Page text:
January 1989
Volume 30, Issue 1
Free
Articles  |   January 1989
Factors associated with visual outcome after photocoagulation for diabetic retinopathy. Diabetic Retinopathy Study Report #13.
Author Affiliations
  • S C Kaufman
    Biometry and Epidemiology Program, National Eye Institute, Bethesda, Maryland 20892.
  • F L Ferris, 3rd
    Biometry and Epidemiology Program, National Eye Institute, Bethesda, Maryland 20892.
  • D G Seigel
    Biometry and Epidemiology Program, National Eye Institute, Bethesda, Maryland 20892.
  • M D Davis
    Biometry and Epidemiology Program, National Eye Institute, Bethesda, Maryland 20892.
  • D L DeMets
    Biometry and Epidemiology Program, National Eye Institute, Bethesda, Maryland 20892.
Investigative Ophthalmology & Visual Science January 1989, Vol.30, 23-28. doi:
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      S C Kaufman, F L Ferris, D G Seigel, M D Davis, D L DeMets; Factors associated with visual outcome after photocoagulation for diabetic retinopathy. Diabetic Retinopathy Study Report #13.. Invest. Ophthalmol. Vis. Sci. 1989;30(1):23-28.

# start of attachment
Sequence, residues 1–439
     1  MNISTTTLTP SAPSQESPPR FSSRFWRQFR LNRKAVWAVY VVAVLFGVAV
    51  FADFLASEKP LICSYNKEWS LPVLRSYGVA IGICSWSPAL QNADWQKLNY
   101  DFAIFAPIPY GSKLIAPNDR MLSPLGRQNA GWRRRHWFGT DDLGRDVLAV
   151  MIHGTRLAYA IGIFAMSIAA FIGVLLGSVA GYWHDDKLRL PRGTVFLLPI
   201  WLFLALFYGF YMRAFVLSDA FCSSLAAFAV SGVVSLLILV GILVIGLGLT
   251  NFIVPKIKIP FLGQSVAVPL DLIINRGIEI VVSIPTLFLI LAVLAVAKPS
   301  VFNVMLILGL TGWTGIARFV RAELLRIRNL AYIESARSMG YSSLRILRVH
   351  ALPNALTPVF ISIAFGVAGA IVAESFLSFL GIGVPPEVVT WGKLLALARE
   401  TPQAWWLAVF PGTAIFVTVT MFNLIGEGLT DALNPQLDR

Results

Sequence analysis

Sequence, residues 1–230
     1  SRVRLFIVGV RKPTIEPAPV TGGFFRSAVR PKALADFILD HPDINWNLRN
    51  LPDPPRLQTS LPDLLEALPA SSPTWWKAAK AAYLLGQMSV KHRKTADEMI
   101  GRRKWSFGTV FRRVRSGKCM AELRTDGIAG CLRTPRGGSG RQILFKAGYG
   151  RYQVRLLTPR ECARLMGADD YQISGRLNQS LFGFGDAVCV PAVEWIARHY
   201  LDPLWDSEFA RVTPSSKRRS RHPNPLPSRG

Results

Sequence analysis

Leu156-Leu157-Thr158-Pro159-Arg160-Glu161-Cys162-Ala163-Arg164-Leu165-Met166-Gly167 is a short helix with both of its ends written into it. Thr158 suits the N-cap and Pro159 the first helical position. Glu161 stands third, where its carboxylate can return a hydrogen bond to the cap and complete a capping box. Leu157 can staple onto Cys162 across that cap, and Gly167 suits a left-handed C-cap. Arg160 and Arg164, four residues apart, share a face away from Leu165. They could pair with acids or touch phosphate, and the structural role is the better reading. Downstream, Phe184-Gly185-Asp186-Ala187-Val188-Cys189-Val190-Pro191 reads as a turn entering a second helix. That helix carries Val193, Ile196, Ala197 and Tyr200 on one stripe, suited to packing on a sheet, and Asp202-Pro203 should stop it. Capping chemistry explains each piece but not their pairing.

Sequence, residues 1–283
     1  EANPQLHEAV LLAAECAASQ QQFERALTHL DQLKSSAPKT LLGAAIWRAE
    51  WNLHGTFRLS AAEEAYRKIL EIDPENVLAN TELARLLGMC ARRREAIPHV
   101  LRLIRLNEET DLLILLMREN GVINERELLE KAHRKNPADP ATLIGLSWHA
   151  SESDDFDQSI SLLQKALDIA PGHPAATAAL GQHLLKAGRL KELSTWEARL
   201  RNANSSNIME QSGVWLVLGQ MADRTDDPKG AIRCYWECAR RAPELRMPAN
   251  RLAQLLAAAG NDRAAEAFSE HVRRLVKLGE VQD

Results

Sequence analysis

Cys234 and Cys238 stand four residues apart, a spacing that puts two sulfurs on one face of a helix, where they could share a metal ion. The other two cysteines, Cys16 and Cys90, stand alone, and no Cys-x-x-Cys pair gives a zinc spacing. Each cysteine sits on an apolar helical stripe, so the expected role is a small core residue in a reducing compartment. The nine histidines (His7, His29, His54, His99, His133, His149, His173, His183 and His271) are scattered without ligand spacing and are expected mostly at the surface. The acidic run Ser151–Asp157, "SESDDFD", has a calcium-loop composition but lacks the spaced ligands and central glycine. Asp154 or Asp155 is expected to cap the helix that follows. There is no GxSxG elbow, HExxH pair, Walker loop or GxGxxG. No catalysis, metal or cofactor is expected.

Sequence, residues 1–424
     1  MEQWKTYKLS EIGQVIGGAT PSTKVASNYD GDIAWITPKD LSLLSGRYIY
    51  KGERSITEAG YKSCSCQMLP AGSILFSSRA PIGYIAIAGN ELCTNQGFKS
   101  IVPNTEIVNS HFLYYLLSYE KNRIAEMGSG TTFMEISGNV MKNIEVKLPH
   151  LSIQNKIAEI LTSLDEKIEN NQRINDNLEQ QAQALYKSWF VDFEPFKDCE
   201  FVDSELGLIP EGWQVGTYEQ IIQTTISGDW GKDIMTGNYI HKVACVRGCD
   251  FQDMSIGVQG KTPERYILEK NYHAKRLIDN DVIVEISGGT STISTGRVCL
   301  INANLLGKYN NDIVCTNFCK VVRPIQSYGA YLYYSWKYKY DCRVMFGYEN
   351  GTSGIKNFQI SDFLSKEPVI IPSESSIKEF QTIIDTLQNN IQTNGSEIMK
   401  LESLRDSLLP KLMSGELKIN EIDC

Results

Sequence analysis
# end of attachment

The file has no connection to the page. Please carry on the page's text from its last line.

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      © ARVO (1962-2015); The Authors (2016-present)

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Abstract

Six risk factors for severe visual loss despite panretinal (scatter) photocoagulation were identified by analyzing data collected during the first 5 years after randomization in the Diabetic Retinopathy Study. Proportional hazards regression revealed NVD (neovascularization on/around the optic disc) to be the most important risk factor. The risk of severe visual loss rose with increasing NVD, hemorrhages/microaneurysms, retinal elevation, proteinuria, and hyperglycemia and fell with increasing "treatment density." These results are similar to previous DRS findings on untreated eyes. The importance of "treatment density" as an independent predictor of visual outcome is a new finding and lends support to the common clinical practice of repeating photocoagulation if initial treatment does not reduce or stabilize retinal neovascularization.

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